Host communities' social impact perceptions and involvement in tourism: Mopani District Municipality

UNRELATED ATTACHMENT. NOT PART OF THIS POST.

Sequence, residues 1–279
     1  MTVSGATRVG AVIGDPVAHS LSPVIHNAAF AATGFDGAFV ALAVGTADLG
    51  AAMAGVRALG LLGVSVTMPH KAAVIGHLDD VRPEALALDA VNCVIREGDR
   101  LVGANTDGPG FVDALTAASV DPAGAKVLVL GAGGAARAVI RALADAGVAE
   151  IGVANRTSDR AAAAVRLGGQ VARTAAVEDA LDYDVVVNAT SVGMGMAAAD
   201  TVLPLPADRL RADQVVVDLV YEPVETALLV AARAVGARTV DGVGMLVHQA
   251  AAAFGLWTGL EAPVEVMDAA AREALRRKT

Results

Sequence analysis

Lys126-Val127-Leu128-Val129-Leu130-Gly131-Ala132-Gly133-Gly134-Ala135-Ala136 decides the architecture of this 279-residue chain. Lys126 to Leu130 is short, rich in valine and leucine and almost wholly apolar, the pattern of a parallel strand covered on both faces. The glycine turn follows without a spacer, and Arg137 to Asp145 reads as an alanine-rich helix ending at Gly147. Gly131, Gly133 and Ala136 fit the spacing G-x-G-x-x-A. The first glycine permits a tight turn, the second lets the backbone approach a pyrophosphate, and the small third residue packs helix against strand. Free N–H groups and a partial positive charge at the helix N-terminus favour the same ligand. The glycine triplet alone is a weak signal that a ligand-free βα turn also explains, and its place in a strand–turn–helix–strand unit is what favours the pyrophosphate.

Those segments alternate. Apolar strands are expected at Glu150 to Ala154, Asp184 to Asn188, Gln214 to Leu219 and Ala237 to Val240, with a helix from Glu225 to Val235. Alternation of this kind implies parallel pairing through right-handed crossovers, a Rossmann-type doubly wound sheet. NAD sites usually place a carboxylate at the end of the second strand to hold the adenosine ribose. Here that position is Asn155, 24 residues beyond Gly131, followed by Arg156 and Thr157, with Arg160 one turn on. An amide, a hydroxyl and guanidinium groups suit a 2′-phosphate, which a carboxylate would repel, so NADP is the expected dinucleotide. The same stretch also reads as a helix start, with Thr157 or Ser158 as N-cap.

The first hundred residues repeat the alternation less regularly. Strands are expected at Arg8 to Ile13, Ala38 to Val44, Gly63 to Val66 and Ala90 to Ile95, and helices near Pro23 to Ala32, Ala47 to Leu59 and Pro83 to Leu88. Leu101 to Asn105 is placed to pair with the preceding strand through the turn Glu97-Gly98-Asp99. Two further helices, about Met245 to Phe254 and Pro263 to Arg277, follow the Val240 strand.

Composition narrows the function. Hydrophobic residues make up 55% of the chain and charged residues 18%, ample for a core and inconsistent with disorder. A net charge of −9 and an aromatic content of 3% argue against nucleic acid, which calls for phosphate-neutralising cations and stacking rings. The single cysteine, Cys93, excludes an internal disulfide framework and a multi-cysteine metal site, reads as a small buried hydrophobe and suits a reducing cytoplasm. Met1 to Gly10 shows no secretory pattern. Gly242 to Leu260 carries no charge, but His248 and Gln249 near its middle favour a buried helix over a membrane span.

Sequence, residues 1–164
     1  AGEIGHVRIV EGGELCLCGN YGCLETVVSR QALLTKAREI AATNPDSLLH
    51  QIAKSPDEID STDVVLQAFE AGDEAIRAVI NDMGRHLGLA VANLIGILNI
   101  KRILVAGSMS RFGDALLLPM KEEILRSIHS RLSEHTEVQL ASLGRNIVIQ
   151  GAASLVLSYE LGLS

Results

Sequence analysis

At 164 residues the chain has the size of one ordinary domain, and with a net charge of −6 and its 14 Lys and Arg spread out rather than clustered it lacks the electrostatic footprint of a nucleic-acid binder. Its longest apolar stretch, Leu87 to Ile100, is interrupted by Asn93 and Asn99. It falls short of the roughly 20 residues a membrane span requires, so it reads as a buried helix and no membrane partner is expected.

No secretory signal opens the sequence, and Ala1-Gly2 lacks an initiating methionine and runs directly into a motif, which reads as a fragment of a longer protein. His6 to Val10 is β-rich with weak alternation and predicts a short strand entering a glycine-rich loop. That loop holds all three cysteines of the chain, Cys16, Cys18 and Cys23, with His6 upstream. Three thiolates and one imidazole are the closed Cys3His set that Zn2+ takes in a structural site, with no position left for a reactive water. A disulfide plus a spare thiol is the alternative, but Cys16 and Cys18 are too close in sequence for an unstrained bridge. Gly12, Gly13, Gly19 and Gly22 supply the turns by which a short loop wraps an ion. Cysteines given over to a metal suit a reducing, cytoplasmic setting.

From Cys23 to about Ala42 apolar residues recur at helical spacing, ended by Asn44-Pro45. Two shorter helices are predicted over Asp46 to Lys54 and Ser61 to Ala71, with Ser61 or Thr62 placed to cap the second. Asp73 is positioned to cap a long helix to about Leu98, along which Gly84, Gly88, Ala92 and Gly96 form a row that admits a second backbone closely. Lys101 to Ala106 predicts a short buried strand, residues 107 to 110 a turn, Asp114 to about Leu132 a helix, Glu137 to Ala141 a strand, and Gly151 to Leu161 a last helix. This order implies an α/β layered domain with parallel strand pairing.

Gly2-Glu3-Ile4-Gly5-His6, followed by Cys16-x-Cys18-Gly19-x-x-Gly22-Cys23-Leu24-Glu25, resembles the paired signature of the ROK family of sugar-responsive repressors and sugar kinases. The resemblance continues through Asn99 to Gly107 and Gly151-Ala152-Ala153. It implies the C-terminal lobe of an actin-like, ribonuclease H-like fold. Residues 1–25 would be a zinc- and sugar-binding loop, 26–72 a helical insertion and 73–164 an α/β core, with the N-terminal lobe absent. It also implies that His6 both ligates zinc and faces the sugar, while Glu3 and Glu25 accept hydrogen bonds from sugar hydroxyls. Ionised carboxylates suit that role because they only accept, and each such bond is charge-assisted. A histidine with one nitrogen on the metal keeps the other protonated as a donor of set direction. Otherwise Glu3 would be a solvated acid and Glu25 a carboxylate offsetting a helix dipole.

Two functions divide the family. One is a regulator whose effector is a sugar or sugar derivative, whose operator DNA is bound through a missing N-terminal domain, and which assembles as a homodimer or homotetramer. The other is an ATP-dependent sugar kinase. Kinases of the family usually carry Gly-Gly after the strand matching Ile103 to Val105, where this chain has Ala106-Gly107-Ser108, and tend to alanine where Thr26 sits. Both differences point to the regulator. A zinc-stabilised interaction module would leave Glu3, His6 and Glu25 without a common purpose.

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Host communities in South Africa are often excluded from tourism planning, decision-making and management of projects even though local participation and following a community approach is promoted. The local knowledge and experience, combined with an understanding of tourism development, can however be used to empower communities to participate in tourism effectively. To ensure that the negative social impacts of the tourism industry are mitigated, and positive impacts enhanced, community development must be considered central to all phases of the planning and establishment of conservation areas. The local community is a fundamental element of tourism since, without their support, it is difficult for the industry to be sustainable. With the local participation and community approach, tourism can become extensive in scope and present a range of social outcomes that can even exceed economic gain. Understanding the social impacts of tourism is important as it provides the local governments, policymakers, tourism destination managers and businesses with a basis for initiating residents’ participation processes related to tourism issues. The purpose of this study was to analyse the perceptions of communities regarding the social impacts generated by tourism and their involvement as a stakeholder in tourism development. This goal was achieved through the attainment of five objectives. A sequential mixed-method approach was followed whereby qualitative research was done amongst government officials, and the results of the interviews were used to inform the questions in the quantitative questionnaire which was distributed among local residents in Mopani District Municipality (MDM). The qualitative research found that residents are involved in tourism planning, development and management, as it was mentioned that all projects and problems are based on the needs of the communities to develop a more sustainable tourism industry. Government, in its effort to involve communities, intensified the local economic development (LED) forum that involves all stakeholders and is a channel where issues concerning tourism are discussed. The government is certain that the residents are eager to partake in the tourism processes, as it indicated that there is a good representation at a local level through the LED forum. The residents’ frustrations and negative attitude towards tourism comes from a lack of understanding, as many residents come from rural communities that are driven by the agricultural activities and not tourism. The quantitative research was done by means of questionnaires that were distributed in MDM. Data were analysed and a socio-demographic and behavioural profile was created. Secondly, factor analyses were done on the aspects regarding residents’ participation in the tourism industry as well as their social impact perceptions. Thirdly, the relationship between various participation aspects was measured against social impact factors to determine if it influences social impacts. It was found that it does influence social impact perceptions significantly. The study found that residents value their district with its wealth of natural beauty and resources, which led to considerable tourism growth. It is also clear that, if residents can be part of the local tourism industry it will change their attitudes and support. These findings aimed to inform the tourism planners of the MDM to cooperate with a younger population in tourism as this younger group can identify a multitude of tourism-related opportunities in the community and can influence the social impacts on tourism. It is problematic that a high number of respondents have never participated in the tourism planning process which might be due to the significant number of younger people that took part in the survey. The factor analysis revealed factors describing residents’ cooperation and involvement factors, namely Factor 1 = tourism awareness; Factor 2 = direct involvement and Factor 3 = indirect involvement. The Chi-squared test (X²) with 78 = 1232,466, p˂0,000 clearly indicates that the values have better fit, as values are at zero. These factors accounted for 54,76 % of the total variance explained. From the results, this study reveals that residents’ level of involvement in the tourism industry influences their social impact perceptions; more involvement in the planning and management of the industry positively influence social impact perceptions. Positive social impacts lead to a happier community which will experience an increase in quality of life. Furthermore, positive social impact perceptions lead to stronger support for the tourism industry by the community which, in turn, makes the tourism industry more sustainable.